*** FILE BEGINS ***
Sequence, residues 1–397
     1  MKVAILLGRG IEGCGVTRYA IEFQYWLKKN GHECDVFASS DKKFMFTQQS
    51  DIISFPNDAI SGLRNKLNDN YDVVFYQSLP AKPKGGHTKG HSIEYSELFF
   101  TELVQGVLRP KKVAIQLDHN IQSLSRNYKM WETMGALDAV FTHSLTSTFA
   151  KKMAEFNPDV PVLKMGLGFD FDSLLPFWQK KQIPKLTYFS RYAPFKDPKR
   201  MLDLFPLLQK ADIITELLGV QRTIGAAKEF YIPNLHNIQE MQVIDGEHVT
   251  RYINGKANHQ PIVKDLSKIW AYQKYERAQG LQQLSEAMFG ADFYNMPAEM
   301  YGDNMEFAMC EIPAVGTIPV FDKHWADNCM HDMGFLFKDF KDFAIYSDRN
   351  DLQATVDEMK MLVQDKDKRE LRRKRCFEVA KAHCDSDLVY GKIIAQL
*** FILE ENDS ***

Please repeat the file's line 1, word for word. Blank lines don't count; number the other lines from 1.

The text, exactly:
Sequence, residues 1–397